Christopher S. Wood, PhD
Honeysuckle Yeast Beer Tasting
*This post was updated on March 28 to include a link to my recent podcast, at the bottom.
In my last post I discussed how I harvested wild yeast from a honeysuckle bush in my front yard and did small test (1 liter) fermentations on the six strains I isolated. I’ll continue today with the results of the fermentation tests and describe some of the characteristics from these test fermentations. A few days after the beers were bottled I noticed that four of the six samples had developed a film around the inside of the neck of the bottle that eventually disappeared. I determined this film was a pellicle, which is an indication of brettanomyces, lactobacillus or other microbes reacting with oxygen in the bottle during aerobic fermentation. Not surprising, the four that had the pellicle were the ones that I identified using a microscope as containing both yeast and bacteria. After the beer was bottled and carbonated I brought them to my homebrew club, The Palmetto State Brewers, for an evaluation of the color, aroma, and flavor of each sample. During the final stages of fermentation there were color differences between the samples (see my last post) but after a month of bottling time any differences in color seemed non-existent. All samples were pale straw yellow and hazy most likely due to the low flocculation rate of the wild yeast/bacteria present. There was a varying range of aromas described for each beer and no real consensus amongst the group for each individual strain. Sensory evaluations of aroma included hints of bread, lemon, orange, citrus, pear, funkiness, tartness, and phenolic notes. There was, on the other hand a resounding consensus on the flavor of each of these wild yeast fermented beers from my fellow homebrewers:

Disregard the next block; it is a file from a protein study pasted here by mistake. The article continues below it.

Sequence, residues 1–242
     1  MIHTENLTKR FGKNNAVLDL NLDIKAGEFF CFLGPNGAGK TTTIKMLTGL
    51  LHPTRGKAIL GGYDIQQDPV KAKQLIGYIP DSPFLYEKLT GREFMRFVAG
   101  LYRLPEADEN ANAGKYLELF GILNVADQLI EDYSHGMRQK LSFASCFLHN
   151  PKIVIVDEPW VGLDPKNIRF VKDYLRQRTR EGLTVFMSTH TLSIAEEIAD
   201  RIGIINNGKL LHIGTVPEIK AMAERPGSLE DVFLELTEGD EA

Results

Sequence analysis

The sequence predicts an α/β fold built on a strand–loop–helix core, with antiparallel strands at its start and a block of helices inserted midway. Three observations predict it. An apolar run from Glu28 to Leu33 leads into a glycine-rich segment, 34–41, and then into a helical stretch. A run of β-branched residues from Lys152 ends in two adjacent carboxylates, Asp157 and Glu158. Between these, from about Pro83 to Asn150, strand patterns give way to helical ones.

Culture 1- A mix of lactic and acetic acid with a sour, citrusy, clean finish.
Culture 2- Mostly acetic acid with a slight bready yeast and bacterial funkiness.
Culture 3- Hints of lactic and acetic acid with slightly sour notes, citrus, earthy, and bready yeast flavors. No single dominant flavor.
Culture 4- Acetic acid with a hint of lactic acid and bacterial funkiness. Bready and spicy with a slight tartness. The least sour of all the beers tested.
Culture 5- Mostly lactic acid, with additional fruity, tart and yeast flavors. The most sour beer of all.
Culture 6- Mostly acetic acid with a touch of bready yeast flavor and lemony tartness.
Overall, the wild honeysuckle yeast wrangling experiment was a great success and I will definitely repeat this experiment again soon. It’s hard to believe that from just a few honeysuckle flowers so many distinct flavors and aromas could be present. One final thing to consider when harvesting wild yeast/microbes from the environment is that when acetobacter (an acetic acid producing bacteria) is present in the harvested culture acetic acid flavors can be produced. While propagating your culture, limit the amount of oxygen present in order to keep the acetic acid flavors to a minimum. I’ll be using one of these strains to ferment a beer in the coming months. I’ll keep you posted.
In the meantime, I hope you enjoy a Fermentation Nation podcast I did a few weeks ago — the group invited me up to Charlotte to talk about yeast/re-using yeast and harvesting yeast from the wild. I hope you enjoy! http://wp.me/p4DqCt-cZ
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